During the past several months I’ve probably given more thought to the idea of “home” than I ever had before.
“The Glennon family was home,” said Uncle Randy at my husband’s memorial service, referring to Jim’s purchase of his very old dream house and land. With an eight-acre pond. Jim, who did not long for many things, always had yearned for a pond. On this unnamed pond, he taught his children and their friends and his nieces and nephews to ice skate.
Jim built benches to drag out onto the ice so children could sit there and he could glide over on his hockey skates, winter jacket flapping open and cheeks as rosy as the toddlers’ were, and pull tightly on their laces and double and triple-knot them. Then Jim would smoothly skate backwards, holding small hands with fingers ensconced in bright hand-knit frog-shaped or dinosaur-patterned mittens.
One winter Jim and I skated over the pond’s thick frozen surface and I looked down and saw fish swimming beneath us, in blue water clouded over by waves of frozen silver.
The pond and surrounding woods attracted animals of all kinds. Jim took his camera down to explore and take pictures of swans, red fox and newborn kits, herons, beavers and their formidable dams.
The sun would rise over Jim’s pond, beyond the broad arc of his bountiful bird feeders. I have never seen so many sunrises as I did during the sleepless nights of his illness, when the fear of missing a waking moment with him–even as he slept–seemed more than I could bear.
The house itself was and always will be “Jim’s house.” The new part was built in 1805. Its thick glass window panes, Indian shutters, original FBUSs (Floor Boards of Unusual Size), ten fireplaces and two brick beehive ovens reminded him of old houses he had worked on with a favorite uncle when Jim was growing up.
As with a Marilynne Robinson character (a widower who remained in the home he had shared with his wife and many children) in Home: “The house embodied for him the general blessedness of his life, which was manifest, really indisputable.” “Such times you had!” the widower told a daughter revisiting the house–“as if the present slight desolation were confetti and candy wrappers left after the passing of some glorious parade.”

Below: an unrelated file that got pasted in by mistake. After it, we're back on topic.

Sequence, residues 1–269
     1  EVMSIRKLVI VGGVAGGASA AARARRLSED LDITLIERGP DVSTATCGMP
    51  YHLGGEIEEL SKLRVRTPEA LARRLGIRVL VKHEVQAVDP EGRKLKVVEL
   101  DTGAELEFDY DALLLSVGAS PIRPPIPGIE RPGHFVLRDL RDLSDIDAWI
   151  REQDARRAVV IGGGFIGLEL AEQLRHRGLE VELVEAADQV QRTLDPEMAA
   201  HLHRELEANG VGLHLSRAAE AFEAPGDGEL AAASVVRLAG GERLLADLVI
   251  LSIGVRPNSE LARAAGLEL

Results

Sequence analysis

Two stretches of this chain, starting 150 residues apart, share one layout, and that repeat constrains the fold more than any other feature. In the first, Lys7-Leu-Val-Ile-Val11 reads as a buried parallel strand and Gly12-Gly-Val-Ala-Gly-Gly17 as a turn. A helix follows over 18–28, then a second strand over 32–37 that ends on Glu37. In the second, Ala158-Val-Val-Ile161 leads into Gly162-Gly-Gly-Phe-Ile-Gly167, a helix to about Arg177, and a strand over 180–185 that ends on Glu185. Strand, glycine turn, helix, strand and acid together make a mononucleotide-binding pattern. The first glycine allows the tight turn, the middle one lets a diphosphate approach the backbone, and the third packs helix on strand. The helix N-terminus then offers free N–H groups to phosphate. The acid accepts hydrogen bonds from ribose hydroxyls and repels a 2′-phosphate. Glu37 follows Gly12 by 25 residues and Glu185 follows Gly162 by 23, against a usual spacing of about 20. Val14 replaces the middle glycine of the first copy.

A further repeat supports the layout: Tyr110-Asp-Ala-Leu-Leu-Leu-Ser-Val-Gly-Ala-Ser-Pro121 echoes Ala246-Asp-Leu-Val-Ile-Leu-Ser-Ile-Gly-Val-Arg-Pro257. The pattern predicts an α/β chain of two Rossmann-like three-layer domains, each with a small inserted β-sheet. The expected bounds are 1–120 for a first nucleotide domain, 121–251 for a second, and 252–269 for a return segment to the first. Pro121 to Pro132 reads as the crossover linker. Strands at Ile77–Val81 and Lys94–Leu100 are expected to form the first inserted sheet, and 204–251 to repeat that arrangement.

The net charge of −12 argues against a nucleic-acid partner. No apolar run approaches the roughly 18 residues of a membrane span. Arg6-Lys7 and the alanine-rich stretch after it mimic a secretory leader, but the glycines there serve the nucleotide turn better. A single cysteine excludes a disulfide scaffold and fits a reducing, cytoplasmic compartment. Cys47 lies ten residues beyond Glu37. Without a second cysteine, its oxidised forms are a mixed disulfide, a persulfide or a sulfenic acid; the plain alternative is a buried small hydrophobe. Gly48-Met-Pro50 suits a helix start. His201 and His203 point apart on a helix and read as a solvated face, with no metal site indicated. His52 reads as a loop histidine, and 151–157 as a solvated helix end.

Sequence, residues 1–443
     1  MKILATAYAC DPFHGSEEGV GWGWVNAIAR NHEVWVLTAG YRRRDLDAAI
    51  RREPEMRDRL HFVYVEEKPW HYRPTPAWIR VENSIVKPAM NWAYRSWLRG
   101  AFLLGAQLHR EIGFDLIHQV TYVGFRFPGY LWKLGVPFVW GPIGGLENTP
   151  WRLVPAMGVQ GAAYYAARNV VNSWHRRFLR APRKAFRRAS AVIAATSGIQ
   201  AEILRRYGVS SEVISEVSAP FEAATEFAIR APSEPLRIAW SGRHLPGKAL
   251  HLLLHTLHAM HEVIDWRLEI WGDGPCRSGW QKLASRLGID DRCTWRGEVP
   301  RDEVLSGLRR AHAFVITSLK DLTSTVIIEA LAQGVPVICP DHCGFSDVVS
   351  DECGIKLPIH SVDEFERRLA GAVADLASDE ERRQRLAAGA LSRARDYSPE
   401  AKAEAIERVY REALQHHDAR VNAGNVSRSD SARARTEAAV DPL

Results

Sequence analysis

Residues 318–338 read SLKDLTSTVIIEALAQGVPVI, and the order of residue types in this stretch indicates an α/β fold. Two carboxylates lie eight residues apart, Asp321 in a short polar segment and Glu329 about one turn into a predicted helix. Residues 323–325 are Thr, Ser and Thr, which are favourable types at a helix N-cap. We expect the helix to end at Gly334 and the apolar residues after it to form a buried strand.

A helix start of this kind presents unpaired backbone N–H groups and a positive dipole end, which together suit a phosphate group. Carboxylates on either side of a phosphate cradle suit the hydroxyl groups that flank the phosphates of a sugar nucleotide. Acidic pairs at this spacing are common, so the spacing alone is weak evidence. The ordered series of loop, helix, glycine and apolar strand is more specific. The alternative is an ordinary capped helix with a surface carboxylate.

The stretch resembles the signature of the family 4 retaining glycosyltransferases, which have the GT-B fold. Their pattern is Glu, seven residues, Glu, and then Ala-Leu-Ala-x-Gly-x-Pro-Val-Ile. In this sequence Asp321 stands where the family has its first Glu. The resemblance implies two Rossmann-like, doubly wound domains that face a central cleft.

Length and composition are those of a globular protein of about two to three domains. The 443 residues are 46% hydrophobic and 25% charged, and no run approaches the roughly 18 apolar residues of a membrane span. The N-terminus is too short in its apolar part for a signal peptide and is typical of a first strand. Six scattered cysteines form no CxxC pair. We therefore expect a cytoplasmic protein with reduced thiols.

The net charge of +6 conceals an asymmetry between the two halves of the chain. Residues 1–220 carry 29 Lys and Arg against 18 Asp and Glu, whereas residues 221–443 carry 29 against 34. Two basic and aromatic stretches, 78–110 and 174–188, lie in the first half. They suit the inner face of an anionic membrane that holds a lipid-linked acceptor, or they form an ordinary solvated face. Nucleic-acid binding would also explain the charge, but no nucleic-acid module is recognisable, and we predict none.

At hospital after hospital during the past year I have spoken of Jim’s end-of-life wish to come home to this old house and land of his, and not to die in a hospital. It was the wish our children and friends and family could make come true for him.
We do not live there anymore.
So where is home now? It’s not a house. Jim and I occupied a series of places together, but home is no longer the place I share with him and our children.
Without Jim and as our children grow into independent beings, grief’s siren song of solitude has made me aware that a house alone can never be my home again.
I realize I am lucky to have a place to live. But as Jose Saramago wrote in The Cave, “I don’t doubt that a man can live perfectly well on his own, but I’m convinced that he begins to die as soon as he closes the door of his house behind him.”
Being alone in any place, I am convinced, is not for the perennially grieving.
For me home is not necessarily a place of any kind. When someone speaks the words, “It feels like home,” I feel that he or she is signifying a sense of belonging–of having arrived where one was meant to be, where one feels welcome and a part of something larger than one’s self.
I feel at home back at work.
Wherever we are, I feel at home with my children.
I feel at home with beloved friends.
I feel at home with the band in which all my children have been part of a musical whole.
I feel at home by the ocean.
Someday it is possible I may even feel at home in a house Jim never shared with me.